Eco-tourism and outdoor recreation activities are an increasingly important part of our economy, as are pharmaceutical and biotechnological research and development. Many indigenous communities, particularly in the north, depend on the sustainable harvesting of biological resources to provide a large portion of their food and income.

The future of these communities and their local economies is tied directly to the sustainable use of biological resources. For many Canadians, the diversity of spaces and species in this country is a source of emotional, artistic and spiritual inspiration and cultural identity.

Indigenous people have developed, over thousands of years, an intimate cultural relationship with nature. The natural beauty of the rugged coast of Newfoundland, the Gulf of St. Lawrence, the Great Lakes, the Canadian Shield, the grassland regions of the prairies, the west coast forests and the arctic has helped shape the Canadian spirit.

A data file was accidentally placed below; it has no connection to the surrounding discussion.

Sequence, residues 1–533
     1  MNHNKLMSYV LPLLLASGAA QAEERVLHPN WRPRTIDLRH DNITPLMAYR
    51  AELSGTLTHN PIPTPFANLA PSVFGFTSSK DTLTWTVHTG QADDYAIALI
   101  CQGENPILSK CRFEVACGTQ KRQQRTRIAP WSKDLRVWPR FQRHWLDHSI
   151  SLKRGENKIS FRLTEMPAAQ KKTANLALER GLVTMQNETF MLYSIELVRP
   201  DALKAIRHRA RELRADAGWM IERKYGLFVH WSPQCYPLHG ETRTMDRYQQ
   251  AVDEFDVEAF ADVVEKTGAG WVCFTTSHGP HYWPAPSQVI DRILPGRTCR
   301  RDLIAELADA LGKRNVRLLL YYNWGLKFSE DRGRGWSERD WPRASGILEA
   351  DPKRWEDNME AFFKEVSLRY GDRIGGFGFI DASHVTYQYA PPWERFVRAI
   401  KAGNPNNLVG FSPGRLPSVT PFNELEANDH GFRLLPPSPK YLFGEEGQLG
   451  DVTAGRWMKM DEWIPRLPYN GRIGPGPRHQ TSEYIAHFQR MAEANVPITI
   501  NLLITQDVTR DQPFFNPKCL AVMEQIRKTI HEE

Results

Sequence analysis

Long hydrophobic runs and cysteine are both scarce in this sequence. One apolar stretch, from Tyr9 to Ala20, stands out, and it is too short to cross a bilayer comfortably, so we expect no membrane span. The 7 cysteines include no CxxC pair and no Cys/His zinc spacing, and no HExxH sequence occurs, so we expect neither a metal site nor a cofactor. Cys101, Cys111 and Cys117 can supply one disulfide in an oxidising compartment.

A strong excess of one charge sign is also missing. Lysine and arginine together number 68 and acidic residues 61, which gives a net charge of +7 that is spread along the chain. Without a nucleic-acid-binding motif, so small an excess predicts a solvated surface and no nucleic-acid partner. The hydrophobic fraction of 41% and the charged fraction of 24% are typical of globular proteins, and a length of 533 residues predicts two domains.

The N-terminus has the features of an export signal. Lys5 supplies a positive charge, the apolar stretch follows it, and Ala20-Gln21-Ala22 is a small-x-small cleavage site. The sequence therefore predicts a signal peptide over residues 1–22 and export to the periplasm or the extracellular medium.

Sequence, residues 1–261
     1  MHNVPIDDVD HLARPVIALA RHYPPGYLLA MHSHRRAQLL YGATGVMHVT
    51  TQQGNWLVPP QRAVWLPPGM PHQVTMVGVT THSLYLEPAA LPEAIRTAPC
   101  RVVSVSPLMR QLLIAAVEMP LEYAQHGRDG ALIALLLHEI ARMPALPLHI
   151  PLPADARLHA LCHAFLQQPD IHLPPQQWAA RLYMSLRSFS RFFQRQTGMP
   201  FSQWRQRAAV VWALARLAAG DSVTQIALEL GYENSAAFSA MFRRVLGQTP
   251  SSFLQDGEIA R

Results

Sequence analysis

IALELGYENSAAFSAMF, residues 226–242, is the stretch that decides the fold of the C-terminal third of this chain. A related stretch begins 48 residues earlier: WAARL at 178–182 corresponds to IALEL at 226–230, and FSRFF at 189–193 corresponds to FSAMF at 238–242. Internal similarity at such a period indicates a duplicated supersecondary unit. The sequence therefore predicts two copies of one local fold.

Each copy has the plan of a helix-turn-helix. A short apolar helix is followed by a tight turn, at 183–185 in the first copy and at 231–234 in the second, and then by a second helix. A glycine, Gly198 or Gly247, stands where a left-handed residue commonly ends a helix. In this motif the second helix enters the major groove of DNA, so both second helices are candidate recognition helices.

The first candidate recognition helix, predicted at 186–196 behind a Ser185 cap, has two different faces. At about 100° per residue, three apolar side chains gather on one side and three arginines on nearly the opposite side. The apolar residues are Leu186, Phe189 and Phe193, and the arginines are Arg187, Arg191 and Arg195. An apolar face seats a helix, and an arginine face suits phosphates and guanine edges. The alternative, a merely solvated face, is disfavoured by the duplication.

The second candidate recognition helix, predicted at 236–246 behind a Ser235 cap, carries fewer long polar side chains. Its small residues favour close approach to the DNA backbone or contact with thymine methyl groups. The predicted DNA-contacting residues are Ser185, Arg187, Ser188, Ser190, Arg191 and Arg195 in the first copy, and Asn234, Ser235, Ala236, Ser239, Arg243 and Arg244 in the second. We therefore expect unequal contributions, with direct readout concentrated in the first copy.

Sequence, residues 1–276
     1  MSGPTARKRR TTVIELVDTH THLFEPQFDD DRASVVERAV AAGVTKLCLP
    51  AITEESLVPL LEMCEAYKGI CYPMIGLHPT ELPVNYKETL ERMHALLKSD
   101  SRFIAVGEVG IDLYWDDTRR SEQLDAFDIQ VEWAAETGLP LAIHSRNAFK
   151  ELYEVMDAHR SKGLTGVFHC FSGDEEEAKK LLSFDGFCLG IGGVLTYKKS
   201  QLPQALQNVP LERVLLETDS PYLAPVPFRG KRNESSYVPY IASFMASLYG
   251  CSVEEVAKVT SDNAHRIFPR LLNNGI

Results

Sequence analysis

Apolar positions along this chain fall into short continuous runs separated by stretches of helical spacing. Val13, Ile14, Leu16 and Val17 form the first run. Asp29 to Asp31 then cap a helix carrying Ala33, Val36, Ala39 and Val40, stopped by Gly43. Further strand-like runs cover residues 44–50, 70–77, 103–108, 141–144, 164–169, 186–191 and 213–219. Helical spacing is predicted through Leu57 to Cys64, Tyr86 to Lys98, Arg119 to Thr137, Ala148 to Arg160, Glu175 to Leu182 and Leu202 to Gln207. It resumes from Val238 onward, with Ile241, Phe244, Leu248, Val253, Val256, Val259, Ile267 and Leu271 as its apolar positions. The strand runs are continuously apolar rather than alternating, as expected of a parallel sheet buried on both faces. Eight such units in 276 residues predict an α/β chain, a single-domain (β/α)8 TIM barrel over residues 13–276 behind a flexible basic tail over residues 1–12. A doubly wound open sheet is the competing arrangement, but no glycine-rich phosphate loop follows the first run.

Many Canadians believe that each species has its own intrinsic value, regardless of its value to humanity, and that human society must be built on respect for the life around us. They believe that we should conserve biodiversity for its own sake, regardless of its economic or other value to humans. There are tens of thousands of other edible plants on the Earth. In the future, we may need some of them to feed the world's growing population. Maintaining the Earth's biodiversity and using biological resources sustainably means keeping open our options for responding to unforeseen and changing environmental conditions.

Maintaining our potential as a country to be creative, productive and competitive will also provide us with opportunities for discovering and developing new foods, drugs and industrial products. For example, many of our native plant species must endure both cold winters and hot summers.

These plants may possess genetic material that could be used to develop agricultural crops that can withstand greater temperature ranges.

Biodiversity Test Pdf